Futterman, Matthew. 2009. "Behind the NFL's Touchdown Binge As Scoring Soars, One Professor Sees Parallels in Nature; the 'River Basin' Theory." Wall Street Journal (10 September).
The NFL has become so fast and efficient that last season, teams each scored 22.03 points per game, the highest since 1967, while all the league's 32 teams combined for 11,279 points—the most in NFL history.
The game has become less cluttered. Offenses averaged just 3.09 turnovers (interceptions and fumbles) per game, the lowest of all time by more than 10%, and offensive lines allowed just 4.04 sacks per game—also the lowest ever. Even place kickers set a new mark: They made a record-high 84.5% of their field-goal attempts.
Adrian Bejan a professor of mechanical engineering at Duke University, likens the NFL's evolution to a river's effect on its basin. (Stay with us, here.) Over time, a river relentlessly wears away its banks and, as a result, water flows faster and faster toward its mouth. When obstacles fall in its way, say, a tree, or a boulder -- or in the case of an NFL offense, beefy linebackers like the Baltimore Ravens' Ray Lewis or the Chicago Bears' Brian Urlacher -- it will figure out how to wear those away, too.
"The game is a flow system, a river basin of bodies that are milling around trying to find the most effective and easiest way to move," says Prof. Bejan. "Over time you will end up with the right way to play the game, with the patterns that are the most efficient."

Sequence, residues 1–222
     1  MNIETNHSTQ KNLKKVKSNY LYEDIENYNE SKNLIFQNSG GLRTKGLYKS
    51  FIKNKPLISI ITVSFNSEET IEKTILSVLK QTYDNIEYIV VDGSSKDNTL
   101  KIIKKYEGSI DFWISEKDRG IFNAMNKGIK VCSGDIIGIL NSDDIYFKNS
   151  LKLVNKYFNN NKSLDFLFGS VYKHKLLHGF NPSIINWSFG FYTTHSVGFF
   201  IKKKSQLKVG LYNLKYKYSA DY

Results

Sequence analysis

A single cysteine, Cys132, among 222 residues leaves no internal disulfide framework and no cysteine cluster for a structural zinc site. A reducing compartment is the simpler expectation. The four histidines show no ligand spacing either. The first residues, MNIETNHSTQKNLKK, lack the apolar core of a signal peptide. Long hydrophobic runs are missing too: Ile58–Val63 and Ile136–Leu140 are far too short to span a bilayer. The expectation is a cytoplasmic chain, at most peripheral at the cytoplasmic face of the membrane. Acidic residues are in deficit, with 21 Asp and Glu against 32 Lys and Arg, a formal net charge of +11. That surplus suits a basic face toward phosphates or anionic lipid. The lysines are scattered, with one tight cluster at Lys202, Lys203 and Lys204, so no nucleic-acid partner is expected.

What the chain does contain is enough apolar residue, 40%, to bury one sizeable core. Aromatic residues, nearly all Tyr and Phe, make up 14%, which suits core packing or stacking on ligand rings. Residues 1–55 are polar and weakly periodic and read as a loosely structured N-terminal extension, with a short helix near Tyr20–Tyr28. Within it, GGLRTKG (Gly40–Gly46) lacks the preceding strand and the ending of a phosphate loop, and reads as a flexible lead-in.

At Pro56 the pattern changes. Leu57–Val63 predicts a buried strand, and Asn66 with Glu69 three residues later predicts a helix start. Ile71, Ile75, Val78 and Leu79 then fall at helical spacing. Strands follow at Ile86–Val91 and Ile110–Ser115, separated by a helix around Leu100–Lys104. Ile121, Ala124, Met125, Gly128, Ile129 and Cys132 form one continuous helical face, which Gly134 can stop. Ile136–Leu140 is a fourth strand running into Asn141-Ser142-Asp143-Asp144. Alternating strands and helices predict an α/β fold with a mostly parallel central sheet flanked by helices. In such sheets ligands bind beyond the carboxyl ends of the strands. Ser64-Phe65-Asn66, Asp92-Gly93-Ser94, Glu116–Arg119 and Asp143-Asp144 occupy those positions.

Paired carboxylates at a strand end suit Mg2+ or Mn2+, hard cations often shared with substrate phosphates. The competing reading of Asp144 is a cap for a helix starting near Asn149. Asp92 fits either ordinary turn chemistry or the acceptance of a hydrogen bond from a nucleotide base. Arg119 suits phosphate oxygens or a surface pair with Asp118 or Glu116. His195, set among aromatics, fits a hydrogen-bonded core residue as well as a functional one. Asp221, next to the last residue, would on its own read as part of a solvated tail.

In 1996, Prof. Bejan, who began following the NFL after coming to the U.S. from Romania to attend college, came up with a theory about natural phenomena known as the Constructal Law. The theory, he says, can be used to explain the evolution of efficiency in everything from river basins to mechanical design. By extension, he says, it could also be applied to the explosion of offense in the NFL.
Tom Lemming, the recruiting expert and analyst for CBS College Sports, says no one on the college level has figured out how to neutralize the speed of the spread offense, either. "The offense always sets the agenda, and the defense plays catch-up," Mr. Lemming says.
Considered more broadly, Constructal Law may be the closest thing to a grand unified theory for the evolution of sports. In a sports context, the river is the relentless search for the easiest way to score or win more often. In soccer, there is the indefensible through-ball, passed between two defenders to a striker sprinting into open space. In basketball, the two-handed set shot eventually gave way to finding the tallest, fastest players who could jump the highest and dunk.